Try to chop out anything overly specialized from your resume, unless it is directly relevant to the job you’re targeting. For example, if you’re applying to write for a neuro rehab website, leave ALL your neuro experience on your resume! But if you’re applying to a generic healthcare tech company, you can probably slash a huge chunk of your con-ed bragging section, if not the whole thing (again, unless it’s relevant), to make room for your awesome copywriter skills! One mistake I made when I was leaving patient care was keeping my resume far too clinical for far too long.

Non-clinical hiring managers and recruiters won’t recognize PNF or NDT, but they will understand that your monthly task of auditing other therapists’ charts translates to being detail-oriented.

Let’s do some surgery on your resume:

Anderson Rehab Hospital – Lead PT – 10/2012 – 11/2013

  • Cultivated relationships with case managers, physicians, nurses, OTs, and SLPs by organizing annual rehab potluck. (Keep this: It shows you can work well in a team.)
  • Coordinated seamless scheduling of acute care physical therapists on weekends and holidays. (Only keep this if there’s room: It shows you’re organized, and can help if you’d like to move into a managing editor role.)
  • Exceeded stringent productivity expectations by collaborating with OTs by dovetailing appropriate treatments. (Cut this: Nobody cares about understands dovetailing in the content world.) 
  • Utilized Epley’s Maneuver for challenging BPPV cases. (Cut this: Unless you’re writing for a vestibular company, nobody will understand what this means.)

As you can see, your patient care section will shrink significantly. That’s OK. You’ll want to fill that space with your copywriting roles.

Consider adding a section like this until you land your first real copywriter job:

Freelance Copywriter – 10/2016 – Present

  • – “6 Ways to Collaborate with an Occupational Therapist” – Published 10/31/2016
  • – “Preventing Burnout in Subacute Facilities” – Published 9/20/2015
  • APTA Student Pulse – “How I Survived PT School With a Chronic Illness” – Published 4/20/2013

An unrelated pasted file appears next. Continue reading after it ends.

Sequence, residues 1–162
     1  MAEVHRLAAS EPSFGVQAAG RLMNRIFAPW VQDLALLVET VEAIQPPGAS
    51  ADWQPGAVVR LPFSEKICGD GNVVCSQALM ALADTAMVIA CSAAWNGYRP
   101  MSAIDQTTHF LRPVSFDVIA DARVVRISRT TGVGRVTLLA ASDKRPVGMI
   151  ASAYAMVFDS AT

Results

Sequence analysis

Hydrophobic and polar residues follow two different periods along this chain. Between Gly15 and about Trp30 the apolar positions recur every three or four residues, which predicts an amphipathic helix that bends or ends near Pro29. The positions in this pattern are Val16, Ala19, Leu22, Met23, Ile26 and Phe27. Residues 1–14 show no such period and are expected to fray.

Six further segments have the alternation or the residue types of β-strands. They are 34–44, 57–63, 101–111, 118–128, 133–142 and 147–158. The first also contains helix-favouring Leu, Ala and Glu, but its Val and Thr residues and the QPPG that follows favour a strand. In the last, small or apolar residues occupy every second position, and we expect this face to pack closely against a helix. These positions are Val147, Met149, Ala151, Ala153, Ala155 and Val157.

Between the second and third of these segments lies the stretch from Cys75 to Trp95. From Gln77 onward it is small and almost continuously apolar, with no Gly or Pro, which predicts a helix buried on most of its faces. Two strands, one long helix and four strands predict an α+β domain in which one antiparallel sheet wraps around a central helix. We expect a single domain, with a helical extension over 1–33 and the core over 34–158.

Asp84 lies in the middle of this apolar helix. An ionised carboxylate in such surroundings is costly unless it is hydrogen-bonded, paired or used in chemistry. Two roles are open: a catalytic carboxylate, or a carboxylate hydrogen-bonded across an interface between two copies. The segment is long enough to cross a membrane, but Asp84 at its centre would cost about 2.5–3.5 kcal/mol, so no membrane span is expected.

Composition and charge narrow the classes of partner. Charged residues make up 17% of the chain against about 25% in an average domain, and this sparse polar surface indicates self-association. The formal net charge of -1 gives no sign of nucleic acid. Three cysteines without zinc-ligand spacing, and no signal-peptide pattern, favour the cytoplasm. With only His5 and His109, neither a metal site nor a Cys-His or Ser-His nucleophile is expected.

Here’s where you need that contently portfolio. Spare your recruiter or hiring manager the hassle of typing all these things into a browser, trying desperately to find your work and read it. Keep everything in just one place!

Don’t forget that you need to insert relevant keywords into your resume, too. Carefully study each job for which you’re applying. If the job specifies that it requires experience with B2B or B2C communications, make sure you have business-to-business (B2B) and business-to-consumer (B2C) somewhere in your resume (as long as you’ve really got that experience).

Again, don’t forget, if you don’t have the experience, reach out, ask around, and write for free. It will pay off in spades down the road.

6. Tweak your cover letter for copywriting jobs and start applying

Again, the ideal copywriter resume will be flawless and free from errors. Avoid making it canned; instead, really tailor the tone to the employer’s own tone, and try to inject plenty of buzzwords from the company’s website and mission statement, without sounding like a suck-up.

Ensure that you mention why you’re looking to change careers. Be honest, transparent, and optimistic about this career move. Don’t sound like a victim.

(For the “start applying” part, just scroll to the bottom—I discuss where to find copywriter jobs!)

7. Hone your interview chops to present as a true copywriter

  • As in step 1, make absolutely sure that you’re familiar with all types of writing. Even if you just study a basic wikipedia article, understand what a copywriter role will involve.